In the United States, circuit courts were first established in the British Thirteen Colonies. In 1789, the United States circuit courts were United States federal courts established in each federal judicial district. These circuit courts exercised both original (first instance) and appellate jurisdiction. They existed until 1912. The original jurisdiction formerly exercised by the United States circuit courts is now exercised by the United States district courts. Their appellate jurisdiction is now exercised by the United States courts of appeals, which were known as the United States circuit courts of appeals from its establishment in 1894 until 1947.

The federal courts of appeals sit permanently in 13 appellate circuits (11 regional circuits as well as a DC Circuit and the Federal Circuit). Note that there are several other federal courts that bear the phrase "Court of Appeals" in their names, but they are not Article III courts and are not considered to sit in appellate circuits.

The federal courts of appeals are intermediate courts, between the district courts (the federal trial courts) and the Supreme Court. Smaller circuits, such as the Second Circuit and Third Circuit, are based at a single federal courthouse, while others, such as the large Ninth Circuit, are spread across many courthouses. Since three-judge federal appellate panels are randomly selected from all sitting circuit judges, Ninth Circuit judges must often "ride the circuit," though this duty has become much easier to carry out since the development of modern air travel.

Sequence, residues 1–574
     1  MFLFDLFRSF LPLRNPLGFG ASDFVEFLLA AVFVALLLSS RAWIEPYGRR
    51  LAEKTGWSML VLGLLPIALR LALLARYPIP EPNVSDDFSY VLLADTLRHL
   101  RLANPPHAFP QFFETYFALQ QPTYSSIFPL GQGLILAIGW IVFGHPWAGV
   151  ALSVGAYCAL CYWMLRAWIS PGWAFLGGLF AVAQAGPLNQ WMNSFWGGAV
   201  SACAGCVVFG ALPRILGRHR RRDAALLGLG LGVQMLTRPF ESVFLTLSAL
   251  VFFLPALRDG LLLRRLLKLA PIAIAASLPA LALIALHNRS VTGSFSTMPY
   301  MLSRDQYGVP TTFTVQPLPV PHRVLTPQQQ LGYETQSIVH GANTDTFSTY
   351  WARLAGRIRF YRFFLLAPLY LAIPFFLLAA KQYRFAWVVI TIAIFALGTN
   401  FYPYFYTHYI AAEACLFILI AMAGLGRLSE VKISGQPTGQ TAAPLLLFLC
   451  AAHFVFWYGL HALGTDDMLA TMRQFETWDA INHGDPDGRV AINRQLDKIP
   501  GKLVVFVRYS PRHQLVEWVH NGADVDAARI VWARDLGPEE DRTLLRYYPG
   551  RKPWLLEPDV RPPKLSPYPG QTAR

Supreme Court of the United States

Under the original Judiciary Act of 1789 and subsequent acts, the justices of the Supreme Court of the United States in Washington, D.C. had the responsibility of "riding circuit" and personally hearing intermediate appeals, in addition to their caseload back in the capital. This onerous duty was abolished by Congress with the Judiciary Act of 1891. The U.S. Supreme Court justices still retain vestiges of the days of riding circuit; each justice is designated to hear certain interlocutory appeals from specific circuits and can unilaterally decide them or refer them to the entire Court. The Court's customary summer recess originated as the time during which the justices would leave Washington and ride circuit (since dirt roads were more passable in the summer).

State courts

Many U.S. states have state courts called "circuit courts." Most are trial courts of general, original jurisdiction.

In Louisiana, the intermediate appellate courts are called the Louisiana Circuit Courts of Appeal. There are five separate judicial circuits.

In many states, such as Missouri, a judicial circuit can encompass one or more counties (see Missouri Circuit Courts). Each circuit court can have several divisions, including circuit, associate, small claims, probate, family or drug court. Each division hears cases within its particular area of subject-matter jurisdiction, and jurisdiction is based on the size or type of a civil claim, or the severity or type of a criminal charge. Drug court, for example, hears only drug-related criminal cases.

Several U.S. states have state supreme courts that traditionally "ride the circuit" in the sense of hearing oral arguments at multiple locations throughout their jurisdictions each year. Among the states with circuit-riding supreme courts are California, Idaho, Oregon, Pennsylvania, and Washington.


  1. 1.0 1.1 Circuits by the Bar Council of England and Wales

See also